Pawel Switonski, PhD, became hooked on science as a high-school student, when he read how a 19th-century botanist used a prism, algae, and bacteria to discover the spectra of light used in photosynthesis. Now as part of the lab of Al La Spada, MD, PhD, Switonski is investigating the development and origins of neurodegenerative diseases. In this week’s Spotlight interview, he talks to us about the joys of seeing an experiment go right, the 700-year legacy of universities in his native Poland, and why we’re likely to find evidence of extraterrestrial life in the near future.
What are your current responsibilities within the La Spada lab? What does your typical day look like?As a postdoc in the La Spada team I am enjoying the happiest days of my scientific career, with a lot of independence in doing gratifying research but without the heavy burden of a PI’s responsibilities. My scientific interest is focused on understanding the pathomechanisms of neurodegenerative disorders, including Parkinson’s disease and spinocerebellar ataxia type 7 (SCA7). Although we have been studying these devastating diseases for decades now, our knowledge is still not sufficient enough to provide a cure for patients. This aspect really motivates me to do my best at the lab bench.
My daily routine includes a bit of a time dedicated to cell culture work, microscopy, literature reading and a lot of pipetting. I also work with mice, so every now and then I take a refreshing 10-minute uphill walk to the vivarium where, with the enormous help of Jessica (our mouse colony manager), I perform experiments and maintain our SCA7 mouse lines.
How and when did you first get interested in biochemistry and molecular biology? How does your background in those areas inform your work to better understand neurodegeneration?
To explain that I need to go back to my school years. My parents were the first people who directed my interested towards biology. My mom is an anesthesiologist and she has always been incredibly dedicated to her patients and her work. Continuous conversation at the dinner table about pathophysiology, anatomy, medicine etc., had a large influence on my young brain.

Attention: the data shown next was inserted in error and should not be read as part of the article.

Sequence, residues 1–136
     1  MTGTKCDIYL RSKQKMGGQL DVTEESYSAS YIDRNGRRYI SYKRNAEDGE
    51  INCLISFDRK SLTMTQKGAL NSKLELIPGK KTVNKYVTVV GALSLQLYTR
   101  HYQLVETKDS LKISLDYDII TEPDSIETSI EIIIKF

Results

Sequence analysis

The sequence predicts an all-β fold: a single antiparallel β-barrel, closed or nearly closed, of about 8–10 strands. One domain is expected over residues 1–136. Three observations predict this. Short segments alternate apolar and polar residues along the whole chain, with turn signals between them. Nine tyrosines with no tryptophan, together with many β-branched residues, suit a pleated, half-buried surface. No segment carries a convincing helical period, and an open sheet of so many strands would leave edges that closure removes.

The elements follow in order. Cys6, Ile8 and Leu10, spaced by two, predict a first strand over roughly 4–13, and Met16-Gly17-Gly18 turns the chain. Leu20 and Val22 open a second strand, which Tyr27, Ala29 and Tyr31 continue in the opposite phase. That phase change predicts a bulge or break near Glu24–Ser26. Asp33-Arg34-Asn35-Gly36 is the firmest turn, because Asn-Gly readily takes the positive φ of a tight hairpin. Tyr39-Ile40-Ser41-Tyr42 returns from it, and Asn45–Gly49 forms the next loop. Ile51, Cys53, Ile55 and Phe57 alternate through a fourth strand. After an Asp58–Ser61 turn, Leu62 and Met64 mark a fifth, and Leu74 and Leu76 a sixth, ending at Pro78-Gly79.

When I was a high school sophomore I was reading a biology textbook by Claude A. Villee. The book described a wonderful experiment performed by Theodore Engelmann in the 19th century. Engelmann asked the question: which part of the visible spectrum is most effective for photosynthesis. He did not have sophisticated instruments that we have today, but he had a pretty good grasp on biochemistry, microbiology and physics. He designed his famous action spectrum experiment where he split visible light on the prism and illuminated a strand of elongated algae, exposing its different sections to different part of the spectrum. He knew that the byproduct of photosynthesis is oxygen, and that there is a species of bacteria that actively follows oxygen. He measured the magnitude of bacteria clamping in the proximity of the algae strand, and therefore indirectly measured the most photosynthetically active sections illuminated by red and violet light. The moment when I read about this experiment was eye-opening to me. I saw something that really captivated me and I think eventually made me a scientist. I saw scientific creativity at its finest. Up until now the best science is made using unexpected creative solutions and it is what I enjoy the most about my work.
Choosing molecular biology as my major in college was the next consistent step to broaden my understanding of fundamental principles of cell biology. After college I joined the lab of professor Krzyzosiak in Institute of Bioorganic Chemistry, Polish Academy of Sciences in Poznan, Poland. He was studying the biochemistry of RNA, particularly the structures of RNA strands composed of repeated trinucleotide elements. These tandemly repeated trinucleotides present in responsible genes cause numerous neurodegenerative disorders including Huntington disease and SCA7.